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  1. #1
    Co-Pilot Peter Twissell's Avatar
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    An unplanned arrival

    I experienced my first engine failure yesterday, approx 5 miles from my destination at about 700 to 800 ft.
    Noises and vibration from the engine indicated it wasn't going to 'limp home', so I picked a field, shut off ignition and fuel pump and settled the Thruster nicely on a field of small furrows with no damage to the airframe or myself.
    It's reassuring to know that even from relatively low altitude, I can do it.
    The landowner was helpful, coming out with a trailer to move the aircraft to his concrete yard. It's now de-rigged and I will be back to recover it (and deliver a few bottles of decent wine) this evening.
    G-BZNP Still not dead, but resting following engine failure.


  2. #2
    Captain MadamBreakneck's Avatar
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    Congratulations. Exciting isn't it?
    Don't forget to claim your 'deadstick' award on here.



    Back to just bimbling in the TST.

    No longer instructing - just pontificating..


  3. #3
    Co-Pilot D-Flyer's Avatar
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    And so you move from the ‘hasn’t happened yet’ club into the more revered and less well attended ‘landed a dead aircraft’ squadron . Well done though - always nice to hear that nothing and no one got hurt!


  4. #4
    Wannabe Pilot Stubhoy's Avatar
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    On a scale of 1-10 1 being cool as a cucumber and 10 being terrified as hell where would you say you rank? Lol


  5. #5
    Captain renmure's Avatar
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    Well done!


  6. #6
    Co-Pilot Peter Twissell's Avatar
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    Thanks all.
    Stubhoy, I would say around 2 to 3 from the moment the engine stopped to rolling to a halt. Then around 7 to 8 when phoning my wife.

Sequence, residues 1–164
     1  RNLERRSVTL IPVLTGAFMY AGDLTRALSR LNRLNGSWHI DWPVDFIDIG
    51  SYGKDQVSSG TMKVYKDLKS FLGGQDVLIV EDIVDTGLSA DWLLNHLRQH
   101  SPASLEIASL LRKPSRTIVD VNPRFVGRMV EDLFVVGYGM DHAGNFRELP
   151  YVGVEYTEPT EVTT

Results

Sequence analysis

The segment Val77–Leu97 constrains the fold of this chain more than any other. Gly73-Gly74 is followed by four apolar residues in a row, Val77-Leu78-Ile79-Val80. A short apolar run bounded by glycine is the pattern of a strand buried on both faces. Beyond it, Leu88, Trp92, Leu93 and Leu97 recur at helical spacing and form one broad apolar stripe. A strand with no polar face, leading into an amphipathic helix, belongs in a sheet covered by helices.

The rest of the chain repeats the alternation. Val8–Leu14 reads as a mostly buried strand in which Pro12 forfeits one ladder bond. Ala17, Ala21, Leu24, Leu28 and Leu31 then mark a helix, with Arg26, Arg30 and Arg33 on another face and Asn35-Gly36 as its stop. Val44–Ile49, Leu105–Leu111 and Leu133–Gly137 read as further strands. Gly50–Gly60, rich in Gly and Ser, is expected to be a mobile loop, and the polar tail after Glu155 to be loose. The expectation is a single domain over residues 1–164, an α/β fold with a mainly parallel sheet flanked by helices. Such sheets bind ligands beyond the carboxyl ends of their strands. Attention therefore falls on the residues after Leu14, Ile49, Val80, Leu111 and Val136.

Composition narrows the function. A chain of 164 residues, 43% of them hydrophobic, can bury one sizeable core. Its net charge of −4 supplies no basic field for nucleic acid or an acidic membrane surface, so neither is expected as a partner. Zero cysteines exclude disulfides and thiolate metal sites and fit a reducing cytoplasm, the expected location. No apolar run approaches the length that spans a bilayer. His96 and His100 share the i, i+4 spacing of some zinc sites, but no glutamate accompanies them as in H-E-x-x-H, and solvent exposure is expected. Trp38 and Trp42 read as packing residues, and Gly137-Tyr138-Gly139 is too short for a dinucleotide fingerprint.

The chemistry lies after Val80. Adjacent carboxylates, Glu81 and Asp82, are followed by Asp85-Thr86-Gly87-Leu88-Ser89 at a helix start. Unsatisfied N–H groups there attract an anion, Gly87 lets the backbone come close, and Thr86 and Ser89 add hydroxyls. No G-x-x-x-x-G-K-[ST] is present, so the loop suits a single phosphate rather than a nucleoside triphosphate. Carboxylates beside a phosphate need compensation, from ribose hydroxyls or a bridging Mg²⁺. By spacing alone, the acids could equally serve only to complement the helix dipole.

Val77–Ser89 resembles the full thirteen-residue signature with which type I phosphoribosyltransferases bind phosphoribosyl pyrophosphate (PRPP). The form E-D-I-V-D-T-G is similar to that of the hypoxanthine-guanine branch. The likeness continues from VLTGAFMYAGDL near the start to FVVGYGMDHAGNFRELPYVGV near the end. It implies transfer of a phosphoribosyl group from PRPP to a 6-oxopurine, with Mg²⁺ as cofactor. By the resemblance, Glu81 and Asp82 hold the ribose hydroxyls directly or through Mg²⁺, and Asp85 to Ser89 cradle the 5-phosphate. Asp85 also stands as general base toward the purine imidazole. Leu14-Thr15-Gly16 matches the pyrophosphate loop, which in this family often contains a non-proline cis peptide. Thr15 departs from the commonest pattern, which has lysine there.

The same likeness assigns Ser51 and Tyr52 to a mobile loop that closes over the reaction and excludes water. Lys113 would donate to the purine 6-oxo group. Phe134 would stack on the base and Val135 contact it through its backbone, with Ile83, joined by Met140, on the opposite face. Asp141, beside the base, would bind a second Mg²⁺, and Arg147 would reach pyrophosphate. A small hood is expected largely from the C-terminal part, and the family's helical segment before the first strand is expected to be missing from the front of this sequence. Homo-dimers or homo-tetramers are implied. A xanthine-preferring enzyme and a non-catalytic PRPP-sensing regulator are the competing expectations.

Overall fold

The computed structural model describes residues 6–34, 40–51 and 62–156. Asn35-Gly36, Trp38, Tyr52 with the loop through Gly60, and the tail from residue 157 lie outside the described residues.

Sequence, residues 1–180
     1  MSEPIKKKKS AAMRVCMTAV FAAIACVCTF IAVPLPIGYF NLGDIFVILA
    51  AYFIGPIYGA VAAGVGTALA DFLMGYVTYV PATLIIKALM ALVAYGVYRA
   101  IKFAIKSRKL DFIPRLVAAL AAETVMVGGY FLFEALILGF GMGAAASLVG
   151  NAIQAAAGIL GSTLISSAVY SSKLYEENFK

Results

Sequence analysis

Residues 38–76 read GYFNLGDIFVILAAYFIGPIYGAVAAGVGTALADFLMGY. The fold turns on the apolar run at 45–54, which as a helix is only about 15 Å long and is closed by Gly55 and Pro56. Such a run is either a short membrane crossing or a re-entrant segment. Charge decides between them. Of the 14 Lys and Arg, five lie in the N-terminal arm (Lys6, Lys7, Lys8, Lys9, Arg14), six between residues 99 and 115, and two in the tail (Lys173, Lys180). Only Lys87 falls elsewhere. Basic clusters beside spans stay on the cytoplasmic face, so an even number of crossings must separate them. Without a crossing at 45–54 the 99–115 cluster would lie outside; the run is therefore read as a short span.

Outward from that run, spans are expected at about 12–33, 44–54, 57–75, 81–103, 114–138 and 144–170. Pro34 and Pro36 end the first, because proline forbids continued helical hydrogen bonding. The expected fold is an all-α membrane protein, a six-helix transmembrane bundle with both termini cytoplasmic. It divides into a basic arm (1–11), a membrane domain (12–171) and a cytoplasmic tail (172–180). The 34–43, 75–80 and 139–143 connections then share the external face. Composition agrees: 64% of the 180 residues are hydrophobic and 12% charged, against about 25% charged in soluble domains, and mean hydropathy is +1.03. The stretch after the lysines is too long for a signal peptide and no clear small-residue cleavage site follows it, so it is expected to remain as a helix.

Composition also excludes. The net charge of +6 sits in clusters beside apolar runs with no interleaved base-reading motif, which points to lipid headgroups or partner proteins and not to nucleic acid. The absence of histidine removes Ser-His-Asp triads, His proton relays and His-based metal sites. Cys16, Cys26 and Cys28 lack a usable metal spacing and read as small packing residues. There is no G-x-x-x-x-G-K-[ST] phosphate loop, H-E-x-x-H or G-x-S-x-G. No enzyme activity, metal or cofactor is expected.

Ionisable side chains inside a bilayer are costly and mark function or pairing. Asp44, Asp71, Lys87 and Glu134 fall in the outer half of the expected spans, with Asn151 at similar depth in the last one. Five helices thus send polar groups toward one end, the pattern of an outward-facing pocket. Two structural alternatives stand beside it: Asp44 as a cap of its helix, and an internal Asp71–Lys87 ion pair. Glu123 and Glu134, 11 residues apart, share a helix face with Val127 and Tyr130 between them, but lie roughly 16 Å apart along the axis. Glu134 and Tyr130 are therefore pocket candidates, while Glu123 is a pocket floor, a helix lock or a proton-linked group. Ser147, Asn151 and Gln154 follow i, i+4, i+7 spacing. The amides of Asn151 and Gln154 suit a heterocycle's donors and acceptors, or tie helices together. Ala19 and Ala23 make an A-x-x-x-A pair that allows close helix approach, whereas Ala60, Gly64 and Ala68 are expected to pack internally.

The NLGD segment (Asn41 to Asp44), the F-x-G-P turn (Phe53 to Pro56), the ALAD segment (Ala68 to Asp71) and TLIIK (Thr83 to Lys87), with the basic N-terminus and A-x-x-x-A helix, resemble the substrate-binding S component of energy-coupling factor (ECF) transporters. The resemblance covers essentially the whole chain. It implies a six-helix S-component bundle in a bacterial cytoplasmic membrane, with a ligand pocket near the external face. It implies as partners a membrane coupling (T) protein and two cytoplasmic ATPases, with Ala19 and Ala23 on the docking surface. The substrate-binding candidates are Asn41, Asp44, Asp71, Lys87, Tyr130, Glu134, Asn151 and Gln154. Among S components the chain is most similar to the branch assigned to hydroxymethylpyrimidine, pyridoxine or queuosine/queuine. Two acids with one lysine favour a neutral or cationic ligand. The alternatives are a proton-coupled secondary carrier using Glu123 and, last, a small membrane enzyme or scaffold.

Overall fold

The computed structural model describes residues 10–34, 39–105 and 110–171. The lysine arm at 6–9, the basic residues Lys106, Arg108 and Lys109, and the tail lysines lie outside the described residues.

G-BZNP Still not dead, but resting following engine failure.

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  8. #7
    Wannabe Pilot Stubhoy's Avatar
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    Quote Originally Posted by Peter Twissell View Post
    Thanks all.
    Stubhoy, I would say around 2 to 3 from the moment the engine stopped to rolling to a halt. Then around 7 to 8 when phoning my wife.
    Hahaha, I’d have been a solid 12 till after my third large whiskey


  9. #8
    Co-Pilot damienair's Avatar
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    Congratulations and very well done on your successful dead stick landing. I once nursed a 582 X-Air home following a bout of pretty bad carb icing. Thankfully the engine didn't die, but I was losing power and altitude all the time. I just about made it and squeezed out a few malteesers in the process. Of course it all cleared through whilst Taxiing to the hanger.

    Damien
    Pilots are just Plane people with a special Air about them.

    G-BZJO Quantum 503 Flexwing only Jockey now.


  10. #9
    Co-Pilot Halibut's Avatar
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    Quote Originally Posted by Peter Twissell View Post
    I experienced my first engine failure yesterday, approx 5 miles from my destination at about 700 to 800 ft.
    Noises and vibration from the engine indicated it wasn't going to 'limp home', so I picked a field, shut off ignition and fuel pump and settled the Thruster nicely on a field of small furrows with no damage to the airframe or myself.
    It's reassuring to know that even from relatively low altitude, I can do it.
    The landowner was helpful, coming out with a trailer to move the aircraft to his concrete yard. It's now de-rigged and I will be back to recover it (and deliver a few bottles of decent wine) this evening.
    Hello, Peter. What turned out to be the cause?


  11. #10
    Co-Pilot Peter Twissell's Avatar
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    Hi Halibut, the cause was a failed valve in cylinder #1. The valve head detached from the stem and proceeded to comprehensively destroy the piston and bend the rod.
    Following a long wait for parts from Australia and tracing other parts to source, I am now fully rebuilding the Jabiru to zero hours.
    G-BZNP Still not dead, but resting following engine failure.


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